Measuring the Psychosocial, Biological, and Cognitive Signatures of Profound Stress in Humanitarian Settings: Impacts, Challenges, and Strategies in the Field.
Background: Evidence of ‘what works' in humanitarian programming is important for addressing the disruptive consequences of conflict and forced displacement. However, collecting robust scientific evidence, and ensuring contextual relevance, is challenging. We measured the biological, psychosocial, and cognitive impacts of a structured psychosocial intervention, implemented by Mercy Corps with Syrian refugees and Jordanian host-community youth. In this paper, we present a case analysis of this evaluation study and reflect on the scientific contributions of the work, the challenges experienced in its delivery, and the strategies deployed to address them.
Discussion: We identified challenges with respect to study design, methods, and dissemination: these included the logistics and acceptability of implementing a randomized controlled trial in a humanitarian context, the selection and refinement of culturally-relevant research tools and community-based practices, and the dissemination of results to multiple stakeholders. We demonstrated beneficial and sustained impacts on self-reports of insecurity, stress, and mental health; developed a reliable and culturally-relevant measure of resilience; experimentally tested cognitive skills; and showed that levels of cortisol, a biomarker of chronic stress, reduced by one third in response to intervention. Using stress biomarkers offered proof-of-concept evidence, beyond self-reported data: interventions targeting mental health and psychosocial wellbeing can regulate physiological stress in the body as well as improve self-reported mental health and wellbeing. We built constructive dialogue between local communities, scholars, humanitarian practitioners, and policy-makers.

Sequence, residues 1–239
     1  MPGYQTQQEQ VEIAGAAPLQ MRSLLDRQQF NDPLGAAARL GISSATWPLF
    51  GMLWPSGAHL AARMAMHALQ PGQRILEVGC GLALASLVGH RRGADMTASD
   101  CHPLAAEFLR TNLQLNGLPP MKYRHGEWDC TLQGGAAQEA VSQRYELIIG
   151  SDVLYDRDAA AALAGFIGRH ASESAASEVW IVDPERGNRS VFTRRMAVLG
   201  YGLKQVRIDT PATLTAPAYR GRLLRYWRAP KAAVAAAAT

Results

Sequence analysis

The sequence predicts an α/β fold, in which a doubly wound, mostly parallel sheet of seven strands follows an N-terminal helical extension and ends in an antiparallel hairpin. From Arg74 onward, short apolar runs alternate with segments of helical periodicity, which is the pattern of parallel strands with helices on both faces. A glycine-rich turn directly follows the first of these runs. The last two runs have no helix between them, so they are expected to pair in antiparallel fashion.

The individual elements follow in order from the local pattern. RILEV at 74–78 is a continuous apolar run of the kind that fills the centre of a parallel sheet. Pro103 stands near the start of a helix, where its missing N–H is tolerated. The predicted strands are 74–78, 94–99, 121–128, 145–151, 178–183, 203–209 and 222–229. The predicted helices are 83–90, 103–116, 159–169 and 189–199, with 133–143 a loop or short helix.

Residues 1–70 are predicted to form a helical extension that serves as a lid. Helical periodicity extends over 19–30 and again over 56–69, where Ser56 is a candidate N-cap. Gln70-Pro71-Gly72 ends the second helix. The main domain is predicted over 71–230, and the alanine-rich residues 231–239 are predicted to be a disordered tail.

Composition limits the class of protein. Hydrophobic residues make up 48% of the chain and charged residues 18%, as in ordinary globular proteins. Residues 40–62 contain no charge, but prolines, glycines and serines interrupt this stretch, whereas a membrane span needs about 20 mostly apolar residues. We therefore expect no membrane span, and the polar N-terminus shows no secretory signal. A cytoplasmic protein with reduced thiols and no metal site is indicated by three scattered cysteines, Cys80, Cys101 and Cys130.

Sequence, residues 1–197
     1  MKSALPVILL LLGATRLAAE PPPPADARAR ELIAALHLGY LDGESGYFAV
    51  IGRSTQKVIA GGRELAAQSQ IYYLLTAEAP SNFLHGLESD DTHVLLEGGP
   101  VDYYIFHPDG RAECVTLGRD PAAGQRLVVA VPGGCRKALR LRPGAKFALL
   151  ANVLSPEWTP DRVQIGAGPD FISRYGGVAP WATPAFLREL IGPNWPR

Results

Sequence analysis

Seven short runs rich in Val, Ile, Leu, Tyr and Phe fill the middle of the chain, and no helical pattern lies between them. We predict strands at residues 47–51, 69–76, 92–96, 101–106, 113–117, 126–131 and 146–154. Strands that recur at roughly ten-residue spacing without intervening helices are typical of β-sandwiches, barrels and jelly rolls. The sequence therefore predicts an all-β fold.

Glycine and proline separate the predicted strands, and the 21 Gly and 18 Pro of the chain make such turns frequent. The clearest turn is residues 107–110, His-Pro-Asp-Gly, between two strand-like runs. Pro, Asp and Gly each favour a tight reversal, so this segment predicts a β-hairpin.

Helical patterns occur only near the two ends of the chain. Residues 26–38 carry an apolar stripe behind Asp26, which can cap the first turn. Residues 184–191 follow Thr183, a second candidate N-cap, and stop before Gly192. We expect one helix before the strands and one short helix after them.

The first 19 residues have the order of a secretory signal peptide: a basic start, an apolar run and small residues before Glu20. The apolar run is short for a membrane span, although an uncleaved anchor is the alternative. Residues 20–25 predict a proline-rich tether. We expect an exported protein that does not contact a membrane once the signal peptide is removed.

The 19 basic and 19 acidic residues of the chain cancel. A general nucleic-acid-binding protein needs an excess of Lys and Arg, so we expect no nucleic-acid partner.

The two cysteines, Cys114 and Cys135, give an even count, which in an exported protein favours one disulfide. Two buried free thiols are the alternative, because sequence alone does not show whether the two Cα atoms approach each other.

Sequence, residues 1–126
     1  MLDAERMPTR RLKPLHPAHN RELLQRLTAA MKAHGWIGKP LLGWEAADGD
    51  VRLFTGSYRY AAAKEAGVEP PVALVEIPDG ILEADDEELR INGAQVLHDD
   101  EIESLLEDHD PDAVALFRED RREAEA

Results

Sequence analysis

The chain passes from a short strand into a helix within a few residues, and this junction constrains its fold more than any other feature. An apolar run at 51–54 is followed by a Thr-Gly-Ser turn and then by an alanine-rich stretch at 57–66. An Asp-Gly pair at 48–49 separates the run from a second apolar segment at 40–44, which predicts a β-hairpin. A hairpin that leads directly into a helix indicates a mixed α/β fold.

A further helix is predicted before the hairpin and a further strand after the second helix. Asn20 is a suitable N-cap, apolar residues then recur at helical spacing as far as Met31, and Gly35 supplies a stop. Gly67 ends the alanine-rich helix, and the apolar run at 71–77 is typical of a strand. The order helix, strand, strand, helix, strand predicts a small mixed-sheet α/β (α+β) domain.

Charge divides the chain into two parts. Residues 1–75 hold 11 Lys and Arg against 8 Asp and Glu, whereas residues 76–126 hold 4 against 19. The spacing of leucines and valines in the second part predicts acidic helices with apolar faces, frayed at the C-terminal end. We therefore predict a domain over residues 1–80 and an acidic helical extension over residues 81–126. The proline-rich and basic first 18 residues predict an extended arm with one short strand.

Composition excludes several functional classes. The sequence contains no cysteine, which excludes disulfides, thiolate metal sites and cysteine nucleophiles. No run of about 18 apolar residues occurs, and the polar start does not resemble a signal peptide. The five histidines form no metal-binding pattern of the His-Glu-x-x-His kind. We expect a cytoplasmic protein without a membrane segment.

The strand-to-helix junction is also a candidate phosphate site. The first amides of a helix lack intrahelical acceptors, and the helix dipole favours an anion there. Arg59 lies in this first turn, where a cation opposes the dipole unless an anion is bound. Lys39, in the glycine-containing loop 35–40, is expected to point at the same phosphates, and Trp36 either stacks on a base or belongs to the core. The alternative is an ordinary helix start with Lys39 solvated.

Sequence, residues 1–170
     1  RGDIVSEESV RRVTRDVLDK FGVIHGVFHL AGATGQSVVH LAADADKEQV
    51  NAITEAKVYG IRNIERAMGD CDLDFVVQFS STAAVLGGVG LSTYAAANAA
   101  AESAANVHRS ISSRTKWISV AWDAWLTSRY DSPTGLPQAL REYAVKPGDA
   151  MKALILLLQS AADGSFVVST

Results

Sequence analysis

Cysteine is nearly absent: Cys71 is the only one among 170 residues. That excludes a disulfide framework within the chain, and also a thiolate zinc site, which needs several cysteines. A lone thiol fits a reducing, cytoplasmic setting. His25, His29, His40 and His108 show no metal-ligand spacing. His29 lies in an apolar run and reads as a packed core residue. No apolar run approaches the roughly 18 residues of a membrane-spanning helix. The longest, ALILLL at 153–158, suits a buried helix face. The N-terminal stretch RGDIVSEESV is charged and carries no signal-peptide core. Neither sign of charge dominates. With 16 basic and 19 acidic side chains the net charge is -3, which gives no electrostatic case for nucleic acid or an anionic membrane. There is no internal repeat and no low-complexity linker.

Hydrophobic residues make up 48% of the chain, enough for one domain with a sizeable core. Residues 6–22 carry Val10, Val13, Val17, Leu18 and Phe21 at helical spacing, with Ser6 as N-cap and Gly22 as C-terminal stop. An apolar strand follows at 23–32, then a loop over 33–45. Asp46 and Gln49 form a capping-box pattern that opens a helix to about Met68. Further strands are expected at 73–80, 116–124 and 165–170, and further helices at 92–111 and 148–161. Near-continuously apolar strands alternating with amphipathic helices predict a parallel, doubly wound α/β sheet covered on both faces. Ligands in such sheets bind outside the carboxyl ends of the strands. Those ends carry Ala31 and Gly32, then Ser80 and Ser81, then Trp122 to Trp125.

Conclusions: Our work shows the value of rigorous research in humanitarian settings, emphasizing relevance for local communities and meaningful ways to build research ownership. Findings encourage the adoption of cognitive measures and stress biomarkers alongside self-report surveys in evaluating programme impacts. High-quality scientific research with youth can be feasible, useful, and ethical in humanitarian settings.
Panter-Brick, Catherine, Mark Eggerman, Alastair Ager, Kristin Hadfield, and Rana Dajani. “Measuring the Psychosocial, Biological, and Cognitive Signatures of Profound Stress in Humanitarian Settings: Impacts, Challenges, and Strategies in the Field.” Conflict and Health 14, no. 1 (2020): 40. https://doi.org/10.1186/s13031-020-00286-w.